ACELA1475 Understand that languages have different written and visual communication systems, different oral traditions and different ways of constructing meaning
ACELA1475.a learning that a word or sign can carry different weight in different cultural contexts, for example that particular respect is due to some people and creatures and that stories can be passed on to teach us how to live appropriately
Language for interaction
ACELA1476 Understand that successful cooperation with others depends on shared use of social conventions, including turn-taking patterns, and forms of address that vary according to the degree of formality in social situations
ACELA1476.a identifying roles and collaborative patterns in students' own groups and pair work (for example initiating a topic, changing a topic through negotiation, affirming other speakers and building on their comments, asking relevant questions, providing useful feedback, prompting and checking individual and group understanding)
ACELA1477 Examine how evaluative language can be varied to be more or less forceful
ACELA1477.a exploring how modal verbs, for example 'must', 'might',' or 'could' indicate degrees of probability or obligation
ACELA1478 Understand how different types of texts vary in use of language choices, depending on their purpose and context (for example, tense and types of sentences)
ACELA1478.a becoming familiar with typical structural stages and language features of various types of text, for example narratives, procedures, reports, reviews and expositions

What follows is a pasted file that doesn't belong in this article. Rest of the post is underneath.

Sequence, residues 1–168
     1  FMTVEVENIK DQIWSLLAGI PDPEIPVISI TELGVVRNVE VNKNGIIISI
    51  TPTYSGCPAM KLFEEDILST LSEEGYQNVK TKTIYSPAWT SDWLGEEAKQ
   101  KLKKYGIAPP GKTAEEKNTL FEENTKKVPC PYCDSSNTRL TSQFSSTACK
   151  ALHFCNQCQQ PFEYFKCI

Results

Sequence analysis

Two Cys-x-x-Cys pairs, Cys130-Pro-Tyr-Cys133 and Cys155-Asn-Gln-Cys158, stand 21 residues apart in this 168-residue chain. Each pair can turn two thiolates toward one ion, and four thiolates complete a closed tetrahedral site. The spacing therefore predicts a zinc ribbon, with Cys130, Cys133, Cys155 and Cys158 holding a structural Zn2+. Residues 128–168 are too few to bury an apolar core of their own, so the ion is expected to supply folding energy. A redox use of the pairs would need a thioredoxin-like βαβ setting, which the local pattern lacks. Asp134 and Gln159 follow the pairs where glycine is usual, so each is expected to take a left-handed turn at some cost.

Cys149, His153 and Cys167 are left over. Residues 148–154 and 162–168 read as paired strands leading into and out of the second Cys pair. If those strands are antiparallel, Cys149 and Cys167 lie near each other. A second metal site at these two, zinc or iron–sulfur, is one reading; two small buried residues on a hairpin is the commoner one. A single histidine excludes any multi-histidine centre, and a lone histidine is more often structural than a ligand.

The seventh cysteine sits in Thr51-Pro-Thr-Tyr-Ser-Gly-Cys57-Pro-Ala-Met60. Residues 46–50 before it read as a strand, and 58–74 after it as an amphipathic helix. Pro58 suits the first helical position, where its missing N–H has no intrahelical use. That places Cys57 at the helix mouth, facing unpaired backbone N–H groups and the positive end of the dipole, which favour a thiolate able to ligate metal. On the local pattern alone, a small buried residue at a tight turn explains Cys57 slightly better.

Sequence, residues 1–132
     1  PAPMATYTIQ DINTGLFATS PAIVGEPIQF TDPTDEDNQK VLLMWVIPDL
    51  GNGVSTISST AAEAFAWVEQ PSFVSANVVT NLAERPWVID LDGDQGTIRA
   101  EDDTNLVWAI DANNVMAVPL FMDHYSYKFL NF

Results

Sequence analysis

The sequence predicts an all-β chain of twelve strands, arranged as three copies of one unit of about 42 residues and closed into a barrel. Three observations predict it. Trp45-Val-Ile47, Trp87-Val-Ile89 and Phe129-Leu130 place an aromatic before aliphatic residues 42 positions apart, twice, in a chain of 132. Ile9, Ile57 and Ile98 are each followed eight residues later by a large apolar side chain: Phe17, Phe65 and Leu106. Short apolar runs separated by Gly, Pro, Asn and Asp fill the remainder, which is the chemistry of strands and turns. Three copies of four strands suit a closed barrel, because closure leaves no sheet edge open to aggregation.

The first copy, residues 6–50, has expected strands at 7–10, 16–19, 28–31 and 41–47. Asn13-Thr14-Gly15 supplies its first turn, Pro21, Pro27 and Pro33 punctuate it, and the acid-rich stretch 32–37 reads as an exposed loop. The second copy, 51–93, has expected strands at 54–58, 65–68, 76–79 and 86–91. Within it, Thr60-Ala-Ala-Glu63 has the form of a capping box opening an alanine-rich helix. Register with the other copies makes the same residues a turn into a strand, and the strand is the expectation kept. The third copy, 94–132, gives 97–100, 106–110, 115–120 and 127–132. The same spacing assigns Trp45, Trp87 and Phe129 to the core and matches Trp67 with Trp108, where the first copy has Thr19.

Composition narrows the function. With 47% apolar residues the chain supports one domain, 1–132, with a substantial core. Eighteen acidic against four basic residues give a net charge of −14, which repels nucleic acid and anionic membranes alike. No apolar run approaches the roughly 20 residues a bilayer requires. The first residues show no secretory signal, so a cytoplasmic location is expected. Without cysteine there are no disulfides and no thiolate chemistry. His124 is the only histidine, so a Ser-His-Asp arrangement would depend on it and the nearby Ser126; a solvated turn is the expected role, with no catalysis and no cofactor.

ACELA1479 Understand that paragraphs are a key organisational feature of written texts
ACELA1479.a noticing how longer texts are organised into paragraphs, each beginning with a topic sentence/paragraph opener which predicts how the paragraph will develop and is then elaborated in various ways
ACELA1480 Know that word contractions are a feature of informal language and that apostrophes of contraction are used to signal missing letters
ACELA1480.a recognising both grammatically accurate and inaccurate usage of the apostrophe in everyday texts such as signs in the community and newspaper advertisements
ACELA1482.e learning how time is represented through the tense of a verb, for example 'She arrived', 'She is arriving' and adverbials of time, for example 'She arrived yesterday', 'She is arriving in the morning'
ACELA1483 Identify the effect on audiences of techniques, for example shot size, vertical camera angle and layout in picture books, advertisements and film segments
ACELA1483.a noting how the relationship between characters can be depicted in illustrations through: the positioning of the characters (for example facing each other or facing away from each other); the distance between them; the relative size; one character looking up (or down) at the other (power relationships); facial expressions and body gesture
ACELA1483.b observing how images construct a relationship with the viewer through such strategies as: direct gaze into the viewer's eyes, inviting involvement and how close ups are more engaging than distanced images, which can suggest alienation or loneliness
ACELA1484 Learn extended and technical vocabulary and ways of expressing opinion including modal verbs and adverbs
ACELA1484.a exploring examples of language which demonstrate a range of feelings and positions, and building a vocabulary to express judgments about characters or events, acknowledging that language and judgments might differ depending on the cultural context
ACELA1485 Understand how to use letter-sound relationships and less common letter patterns to spell words
ACELA1485.a using sound and visual spelling strategies to explore less common letter patterns after a short vowel, for example words that end in 'dge' such as 'badge', 'edge', 'fridge', 'dodge' and 'smudge'
ACELA1485.b using sound and visual spelling strategies to spell words with three-letter blends, for example 'str-ip'
ACELA1486 Recognise and know how to write most high frequency words including some homophones
ACELA1486.a drawing on meaning and context to spell single-syllable homophones, for example 'break' or 'brake' and 'ate' or 'eight'